Sunday, August 13, 2006

China Stories Pt. 22: To the Square

BEIJING, Tuesday, April 18 - Several thousand students marched through the capital in pre-dawn hours today, chanting democratic slogans and singing revolutionary songs as they mourned the ousted Communist Party leader Hu Yaobang and called for a more democratic government.

The demonstration was the most significant sign of unrest in China since student demonstrations for democracy were crushed more than two years ago.
- The New York Times, April 18, 1989

Bob and I hustled back over to the plaza where students were gathering. Students were milling around, waiting for something to happen. Occasionally there were short speeches, followed by applause and shouts. Then a buzz went through the crowd and a cheer went up. This was at about 11pm.

The crowd, which I would estimate at about 1,000, started moving toward the University's main gate. I'm not clear if the group was only from Bei Da, or if there were also students from Qinghua University (which is next door). As the group made its way south past People's University, students from that university joined in.

The group was made up mostly of students, but there was a significant contingent of non-students, which also grew along the route. There were also teachers, some foreigners, and some (foreign) photographers and reporters.

The atmosphere was festive. There were songs. They sang the Internationale, which is like Socialism's theme song. They sang "We Shall Overcome." I say "they" - I didn't really know the words to the Internationale, although later one of my Chinese friends taught me. Many of the Chinese students knew the words to "We Shall Overcome" better than I did. They shouted slogans - "down with bureaucracy!" for instance, and "Li Peng step down!" Li Peng was the Premier at the time. He had been elevated to his position in the wake of Hu's dismissal. Even though he was the adopted son of Zhou Enlai, he was a conservative and a hard-liner and consequently, he was not well liked.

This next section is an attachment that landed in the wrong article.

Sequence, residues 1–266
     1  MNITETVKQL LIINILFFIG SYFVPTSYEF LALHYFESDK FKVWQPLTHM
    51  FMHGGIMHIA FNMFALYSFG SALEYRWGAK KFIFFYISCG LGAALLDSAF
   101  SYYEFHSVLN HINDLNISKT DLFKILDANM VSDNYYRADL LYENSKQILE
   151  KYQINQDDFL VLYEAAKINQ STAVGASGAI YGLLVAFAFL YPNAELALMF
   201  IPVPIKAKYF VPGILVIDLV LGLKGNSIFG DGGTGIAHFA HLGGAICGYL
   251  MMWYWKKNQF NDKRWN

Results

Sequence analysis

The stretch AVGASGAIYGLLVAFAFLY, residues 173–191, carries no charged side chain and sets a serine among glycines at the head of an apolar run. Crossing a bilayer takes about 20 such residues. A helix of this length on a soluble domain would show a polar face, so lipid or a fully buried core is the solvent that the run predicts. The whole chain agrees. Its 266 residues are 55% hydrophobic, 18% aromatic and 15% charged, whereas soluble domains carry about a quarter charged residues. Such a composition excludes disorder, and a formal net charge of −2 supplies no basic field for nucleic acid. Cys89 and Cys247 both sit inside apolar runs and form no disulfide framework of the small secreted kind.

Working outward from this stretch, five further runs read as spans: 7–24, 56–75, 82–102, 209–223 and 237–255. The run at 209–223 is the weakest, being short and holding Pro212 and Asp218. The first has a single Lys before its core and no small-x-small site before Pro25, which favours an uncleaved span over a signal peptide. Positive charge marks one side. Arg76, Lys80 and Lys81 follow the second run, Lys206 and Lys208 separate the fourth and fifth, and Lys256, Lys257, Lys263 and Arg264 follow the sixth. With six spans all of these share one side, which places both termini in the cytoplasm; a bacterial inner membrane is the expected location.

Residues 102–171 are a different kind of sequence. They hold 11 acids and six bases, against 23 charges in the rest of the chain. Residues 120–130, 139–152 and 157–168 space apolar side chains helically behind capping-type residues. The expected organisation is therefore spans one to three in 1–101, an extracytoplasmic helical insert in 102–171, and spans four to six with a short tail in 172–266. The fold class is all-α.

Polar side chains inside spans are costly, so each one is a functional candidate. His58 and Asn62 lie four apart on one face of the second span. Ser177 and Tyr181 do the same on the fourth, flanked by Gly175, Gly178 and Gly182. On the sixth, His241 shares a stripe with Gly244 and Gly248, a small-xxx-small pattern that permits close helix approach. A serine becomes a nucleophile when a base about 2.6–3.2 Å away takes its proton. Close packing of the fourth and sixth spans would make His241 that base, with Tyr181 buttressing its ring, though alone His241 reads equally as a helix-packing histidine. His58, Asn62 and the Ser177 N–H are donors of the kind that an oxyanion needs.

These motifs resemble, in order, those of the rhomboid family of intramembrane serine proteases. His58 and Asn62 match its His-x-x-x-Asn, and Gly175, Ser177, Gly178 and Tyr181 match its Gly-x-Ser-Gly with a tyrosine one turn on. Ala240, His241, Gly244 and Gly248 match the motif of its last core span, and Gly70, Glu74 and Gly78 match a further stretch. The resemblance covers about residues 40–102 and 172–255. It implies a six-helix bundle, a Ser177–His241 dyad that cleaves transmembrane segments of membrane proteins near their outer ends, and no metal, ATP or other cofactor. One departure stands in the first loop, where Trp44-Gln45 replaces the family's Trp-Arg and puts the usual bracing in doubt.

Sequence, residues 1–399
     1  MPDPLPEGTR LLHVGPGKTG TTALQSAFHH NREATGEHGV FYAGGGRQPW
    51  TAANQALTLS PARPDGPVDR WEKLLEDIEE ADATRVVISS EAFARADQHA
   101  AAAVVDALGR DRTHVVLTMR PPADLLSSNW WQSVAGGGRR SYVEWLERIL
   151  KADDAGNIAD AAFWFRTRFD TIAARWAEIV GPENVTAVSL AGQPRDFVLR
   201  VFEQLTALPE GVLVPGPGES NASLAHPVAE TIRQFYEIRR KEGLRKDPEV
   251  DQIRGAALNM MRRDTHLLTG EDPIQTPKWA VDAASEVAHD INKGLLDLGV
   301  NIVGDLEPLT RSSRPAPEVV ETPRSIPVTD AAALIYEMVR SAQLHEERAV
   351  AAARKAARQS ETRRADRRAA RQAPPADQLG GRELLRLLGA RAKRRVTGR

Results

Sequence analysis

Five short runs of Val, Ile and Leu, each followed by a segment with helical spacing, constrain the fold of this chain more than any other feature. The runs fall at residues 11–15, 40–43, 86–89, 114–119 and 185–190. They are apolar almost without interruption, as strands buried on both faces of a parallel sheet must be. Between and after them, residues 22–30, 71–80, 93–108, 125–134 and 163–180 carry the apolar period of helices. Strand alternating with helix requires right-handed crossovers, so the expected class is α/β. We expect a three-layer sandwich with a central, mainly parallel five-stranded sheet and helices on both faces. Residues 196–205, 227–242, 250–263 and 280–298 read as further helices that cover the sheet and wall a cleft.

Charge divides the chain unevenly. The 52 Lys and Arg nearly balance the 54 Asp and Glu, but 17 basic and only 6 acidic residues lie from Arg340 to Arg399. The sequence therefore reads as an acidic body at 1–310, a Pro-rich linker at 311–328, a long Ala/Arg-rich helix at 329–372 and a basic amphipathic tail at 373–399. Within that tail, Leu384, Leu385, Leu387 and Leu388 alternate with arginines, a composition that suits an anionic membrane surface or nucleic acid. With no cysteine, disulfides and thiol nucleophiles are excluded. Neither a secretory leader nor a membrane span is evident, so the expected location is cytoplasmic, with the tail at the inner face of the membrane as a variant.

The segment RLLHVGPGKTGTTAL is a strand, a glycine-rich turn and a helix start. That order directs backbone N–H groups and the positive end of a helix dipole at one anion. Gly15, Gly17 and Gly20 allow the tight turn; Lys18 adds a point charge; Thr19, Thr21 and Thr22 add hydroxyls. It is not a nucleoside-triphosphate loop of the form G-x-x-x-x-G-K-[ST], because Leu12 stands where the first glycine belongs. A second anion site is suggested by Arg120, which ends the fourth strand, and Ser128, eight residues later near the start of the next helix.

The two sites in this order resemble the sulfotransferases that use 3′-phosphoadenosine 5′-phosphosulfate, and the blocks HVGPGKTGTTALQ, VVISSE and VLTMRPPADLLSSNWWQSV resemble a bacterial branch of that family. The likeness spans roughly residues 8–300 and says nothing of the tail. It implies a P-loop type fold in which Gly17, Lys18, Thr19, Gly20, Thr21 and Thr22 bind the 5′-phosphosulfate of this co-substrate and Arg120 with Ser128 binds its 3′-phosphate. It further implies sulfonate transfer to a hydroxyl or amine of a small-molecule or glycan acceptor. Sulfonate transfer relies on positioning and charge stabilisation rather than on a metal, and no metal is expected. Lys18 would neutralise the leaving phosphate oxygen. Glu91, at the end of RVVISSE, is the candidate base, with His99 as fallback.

Along the way, I struck up a conversation with a first-year science student from Fujian province. He said he remembered the protests from 1986 and 1987, and that he was excited to be part of something like this. I saw some of my teachers, and a few of my fellow exchange students. We exchanged looks as if to say, "can you believe we're doing this?"

Map of the Route to the Square (by my recollection)

I don't know how far it is from the university district in northwest Beijing to Tiananmen Square - 10 miles, I would guess. (I would have thought that in the internet age, that would be a relatively simple thing to look up. Not for me, anyway. Prove me wrong, kids! Prove me wrong.) I had my bike, but at times the crowd moved so slowly that it made more sense to walk. It was crowded enough that I worried about running into someone.

I was familiar with the route, having done it by car, by bus and by bike before. But it seemed completely different now. Even though it was midnight, then one, two, three in the morning, the group was exuberant, energized by a unity of purpose. At the same time, the city around us was calm, silent. There were virtually no cars on the road. The streets were dark, since all but the major avenues did not have streetlights. Our group may have been full of energy, but this city had been here for centuries, and had seen dynasties and republics come and go. It seemed to sleep soundly as we marched by.

The excitement and tension gradually built during the long walk. After three or four hours, we reached Fuxingmen, the intersection with Chang'an Jie, the wide boulevard that forms the northern edge of the square. Chang'an Jie, the Avenue of Eternal Peace, is the main east-west street in Beijing. It is Broadway and Pennsylvania Avenue combined. As we turned to head east on Chang'an Jie, the sense of anticipation was palpable.